The effect of long-term diets has been investigated in epidemiological studies by comparing gut microbial composition between populations with different dietary habits. De Filippo et al. (2010) reported a considerable difference in gut microbiota at a phylum level, namely F/B ratio, between African children who followed a low-fat high-fiber diet, and Italian children who consumed a high-fat and high-protein modern diet. In addition to these phylum-level community variations, “enterotypes” represent global type varieties of human gut microbial community structures, that are observed over the world (Arumugam et al., 2011; Koren et al., 2013; Nakayama et al., 2015). Although enterotype clustering is controversial because it depends on the clustering model used and boundaries between clusters become less clear-cut with increase of sample sizes (Jeffery et al., 2012; Koren et al., 2013; Knights et al., 2014; Gorvitovskaia et al., 2016), several studies have indicated the existence of at least two types of microbiomes comprising a trade-off of Prevotella or Bacteroides within or across cohort, or further within individual over time (Wu et al., 2011; Ou et al., 2013; Ding and Schloss, 2014; Lim et al., 2014; Zhang et al., 2014, 2015; Nakayama et al., 2015; Trosvik and de Muinck, 2015; Vandeputte et al., 2015; Oki et al., 2016). The enterotypes are reportedly associated with high-fat high-protein, and low-fat high-carbohydrate diets (Wu et al., 2011; Zhang et al., 2014). The former correspond to modern artificial foods with a high content of animal fat and protein. The latter include traditional low-fat diets with a high content of plant polysaccharides or meat-free vegetarian diets (Glick-Bauer and Yeh, 2014; Ruengsomwong et al., 2016).
The Asian Microbiome Project (AMP) aims to investigate the link between different traditional diets, gut microbiota, and Asians’ health. Phase I focused on school-age children, whose dietary habits essentially reflected those of their country. As a result of 16S rRNA amplicon sequence analysis of 303 subjects from five countries, namely, China, Japan, Taiwan, Thailand, and Indonesia, we have identified two enterotype-like variations, each characterized by high abundance of Prevotella, P-type, and Bacteroides/Bifidobacterium, BB-type (Nakayama et al., 2015). Preponderance of either enterotype was observed in each country, suggesting the link of their staple foods with enterotype. However, even within a country, the gut microbiota sometimes differed significantly between regions, notably in developing area having a profound influence by modernization/westernization. Thus, we suspect the impact of change in dietary habit on host gut microbiota and conduct Phase III study to focus on specific populations with distinct dietary habits.
To begin the AMP Phase III study, we investigate on preadolescent children in two cities on Leyte island. Leyte is one of the larger islands in the Philippines, located in the Eastern Visayas region (Figure 1A). Ormoc is the second most populous city on Leyte. According to the Philippines six-stage income classification of cities, Ormoc is a first class city, whereas Baybay corresponds to a fourth class city. Ormoc has a mixture of modern and traditional features; Baybay is a typical rural town in the Philippines, where residents maintain traditional dietary habits. In this study, we compared fecal bacterial composition and dietary records of school-age children from these two cities. Most notably, we observed a shift in the enterotype-like structure between Ormoc and Baybay children, as indicated by the effect of a high-fat diet. It attracts interest to study such a dynamic shift in gut microbiota between two populations living on only 50 km apart on the same island, as have observed across the continents in previous studies (De Filippo et al., 2010; Yatsunenko et al., 2012). Our results suggest a considerable impact of modern diets on the gut microbiota of children in developing areas.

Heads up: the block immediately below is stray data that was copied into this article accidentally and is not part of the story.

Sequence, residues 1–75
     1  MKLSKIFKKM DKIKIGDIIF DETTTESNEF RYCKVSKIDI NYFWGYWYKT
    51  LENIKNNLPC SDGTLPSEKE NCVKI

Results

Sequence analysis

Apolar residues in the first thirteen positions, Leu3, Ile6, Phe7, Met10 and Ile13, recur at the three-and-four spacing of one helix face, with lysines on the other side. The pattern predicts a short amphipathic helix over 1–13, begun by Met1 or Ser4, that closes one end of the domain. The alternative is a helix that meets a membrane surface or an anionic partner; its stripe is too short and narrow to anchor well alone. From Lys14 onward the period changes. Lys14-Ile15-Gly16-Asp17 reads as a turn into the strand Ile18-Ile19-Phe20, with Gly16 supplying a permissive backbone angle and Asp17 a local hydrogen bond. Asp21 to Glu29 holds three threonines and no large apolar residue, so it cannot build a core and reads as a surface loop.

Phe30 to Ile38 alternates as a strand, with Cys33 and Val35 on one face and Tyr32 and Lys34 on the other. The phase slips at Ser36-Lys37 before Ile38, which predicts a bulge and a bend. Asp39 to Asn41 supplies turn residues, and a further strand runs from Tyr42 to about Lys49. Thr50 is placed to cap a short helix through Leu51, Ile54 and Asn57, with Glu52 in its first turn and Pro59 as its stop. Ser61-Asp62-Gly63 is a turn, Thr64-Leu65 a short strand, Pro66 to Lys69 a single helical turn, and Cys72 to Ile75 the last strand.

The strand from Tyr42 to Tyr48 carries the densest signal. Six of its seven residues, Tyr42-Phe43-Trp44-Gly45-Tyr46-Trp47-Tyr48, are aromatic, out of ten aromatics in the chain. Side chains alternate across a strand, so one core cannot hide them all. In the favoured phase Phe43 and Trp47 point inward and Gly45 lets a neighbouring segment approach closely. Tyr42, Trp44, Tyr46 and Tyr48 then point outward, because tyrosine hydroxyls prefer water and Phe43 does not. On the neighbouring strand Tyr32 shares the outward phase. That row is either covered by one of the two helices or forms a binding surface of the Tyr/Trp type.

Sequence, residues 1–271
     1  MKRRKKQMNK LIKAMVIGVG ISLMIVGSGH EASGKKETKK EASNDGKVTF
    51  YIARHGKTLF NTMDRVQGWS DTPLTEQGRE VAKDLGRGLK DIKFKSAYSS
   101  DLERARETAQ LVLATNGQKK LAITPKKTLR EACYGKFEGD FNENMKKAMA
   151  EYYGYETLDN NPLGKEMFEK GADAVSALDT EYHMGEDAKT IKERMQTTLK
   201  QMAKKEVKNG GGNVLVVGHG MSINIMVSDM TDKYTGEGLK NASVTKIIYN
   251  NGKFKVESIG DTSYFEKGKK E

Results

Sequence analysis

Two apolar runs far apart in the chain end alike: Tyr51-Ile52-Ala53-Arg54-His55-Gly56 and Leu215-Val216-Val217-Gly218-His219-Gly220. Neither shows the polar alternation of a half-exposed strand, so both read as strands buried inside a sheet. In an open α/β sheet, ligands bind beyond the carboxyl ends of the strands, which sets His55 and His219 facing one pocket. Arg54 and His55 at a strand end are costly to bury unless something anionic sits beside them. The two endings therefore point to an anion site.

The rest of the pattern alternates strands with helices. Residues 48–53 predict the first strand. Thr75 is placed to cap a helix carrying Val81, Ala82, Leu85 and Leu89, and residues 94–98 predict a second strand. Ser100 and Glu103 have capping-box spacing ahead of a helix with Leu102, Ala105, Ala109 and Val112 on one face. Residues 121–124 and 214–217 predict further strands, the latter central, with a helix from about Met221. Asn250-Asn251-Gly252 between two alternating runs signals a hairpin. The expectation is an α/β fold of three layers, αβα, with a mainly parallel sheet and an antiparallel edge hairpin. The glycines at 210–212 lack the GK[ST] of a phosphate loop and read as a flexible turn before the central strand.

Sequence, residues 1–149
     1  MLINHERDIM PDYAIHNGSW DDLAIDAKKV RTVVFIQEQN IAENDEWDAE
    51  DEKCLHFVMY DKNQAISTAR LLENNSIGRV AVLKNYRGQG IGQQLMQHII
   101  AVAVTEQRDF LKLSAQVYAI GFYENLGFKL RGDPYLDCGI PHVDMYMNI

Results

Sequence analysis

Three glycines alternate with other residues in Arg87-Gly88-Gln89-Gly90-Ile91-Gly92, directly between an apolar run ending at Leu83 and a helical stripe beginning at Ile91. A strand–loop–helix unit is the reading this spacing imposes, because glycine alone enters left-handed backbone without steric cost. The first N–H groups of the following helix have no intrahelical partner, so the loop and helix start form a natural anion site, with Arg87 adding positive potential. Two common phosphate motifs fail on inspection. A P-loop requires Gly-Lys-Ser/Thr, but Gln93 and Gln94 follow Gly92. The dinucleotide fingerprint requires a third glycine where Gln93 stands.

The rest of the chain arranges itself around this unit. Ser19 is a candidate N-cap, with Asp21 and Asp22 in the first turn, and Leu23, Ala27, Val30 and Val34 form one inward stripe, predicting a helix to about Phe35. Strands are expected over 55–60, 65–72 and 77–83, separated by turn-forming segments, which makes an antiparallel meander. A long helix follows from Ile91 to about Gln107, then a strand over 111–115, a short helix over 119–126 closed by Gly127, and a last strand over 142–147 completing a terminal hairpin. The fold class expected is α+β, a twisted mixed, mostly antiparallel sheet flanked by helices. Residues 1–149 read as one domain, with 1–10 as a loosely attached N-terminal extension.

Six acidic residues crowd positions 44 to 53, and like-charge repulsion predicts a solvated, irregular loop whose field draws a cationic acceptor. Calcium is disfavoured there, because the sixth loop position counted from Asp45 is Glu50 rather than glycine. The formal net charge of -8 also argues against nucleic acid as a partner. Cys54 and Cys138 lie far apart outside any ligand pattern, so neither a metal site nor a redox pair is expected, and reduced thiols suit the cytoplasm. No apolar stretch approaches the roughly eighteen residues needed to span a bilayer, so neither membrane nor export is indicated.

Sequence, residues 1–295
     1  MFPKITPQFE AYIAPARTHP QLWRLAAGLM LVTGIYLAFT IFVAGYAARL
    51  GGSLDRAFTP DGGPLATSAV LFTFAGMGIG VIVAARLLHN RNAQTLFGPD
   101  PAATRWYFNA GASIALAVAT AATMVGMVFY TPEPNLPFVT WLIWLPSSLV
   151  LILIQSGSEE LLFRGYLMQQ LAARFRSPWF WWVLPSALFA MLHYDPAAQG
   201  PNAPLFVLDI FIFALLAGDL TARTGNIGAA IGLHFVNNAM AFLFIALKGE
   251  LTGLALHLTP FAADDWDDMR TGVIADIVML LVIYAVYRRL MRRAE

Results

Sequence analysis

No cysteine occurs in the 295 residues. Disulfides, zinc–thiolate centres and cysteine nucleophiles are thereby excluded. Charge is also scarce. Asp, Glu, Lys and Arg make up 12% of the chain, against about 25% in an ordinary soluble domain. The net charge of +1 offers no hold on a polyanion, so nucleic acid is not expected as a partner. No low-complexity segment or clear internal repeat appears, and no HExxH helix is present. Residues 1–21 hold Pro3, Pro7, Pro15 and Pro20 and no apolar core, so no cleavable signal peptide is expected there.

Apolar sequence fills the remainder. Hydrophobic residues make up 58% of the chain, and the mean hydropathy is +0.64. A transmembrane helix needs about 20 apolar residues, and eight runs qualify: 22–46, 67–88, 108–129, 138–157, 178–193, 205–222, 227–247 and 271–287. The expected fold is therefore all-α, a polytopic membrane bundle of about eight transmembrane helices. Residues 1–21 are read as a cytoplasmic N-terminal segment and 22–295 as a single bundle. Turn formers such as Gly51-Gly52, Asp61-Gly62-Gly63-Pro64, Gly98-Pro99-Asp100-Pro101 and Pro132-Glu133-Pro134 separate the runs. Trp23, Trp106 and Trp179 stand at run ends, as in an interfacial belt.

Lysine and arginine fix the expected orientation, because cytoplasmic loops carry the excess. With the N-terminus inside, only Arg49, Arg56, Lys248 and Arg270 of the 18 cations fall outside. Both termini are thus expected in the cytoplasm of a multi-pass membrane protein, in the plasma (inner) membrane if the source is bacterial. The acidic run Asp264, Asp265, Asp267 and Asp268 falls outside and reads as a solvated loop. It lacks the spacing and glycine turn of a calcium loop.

FIGURE 1. Geographic location of Baybay and Ormoc, and dietary habits of school-age children in these cities. (A) Map of east and southeast Asia with a detailed view of Leyte island indicating the location of Baybay and Ormoc. The scale bar in the enlarged map indicates 50 km. (B) Composition of daily dietary intake in children of Baybay (n = 24) and Ormoc (n = 16). The contribution of each food was estimated from the parents’ answers to the food frequency questionnaire (FFQ) and was converted to energy units (kcal) according to the databases of energy and nutrition composition of food. The average per city is presented. Red and blue asterisks indicate significantly higher in Baybay and Ormoc children, respectively, with ∗p < 0.05 (single asterisk) or ∗∗p < 0.001 (double asterisks) in Wilcoxon rank-sum test. Variation across individual of this dataset is shown in Supplementary Figure S2. (C) Nutrient composition (in %) of the overall dietary intake in children from Baybay and Ormoc. The energy ratio of macronutrients (kcal/day) was estimated according to the same data and databases as in (B), averaged per city, and represented as pie charts. Variation across individual of this dataset is shown in Supplementary Figure S3.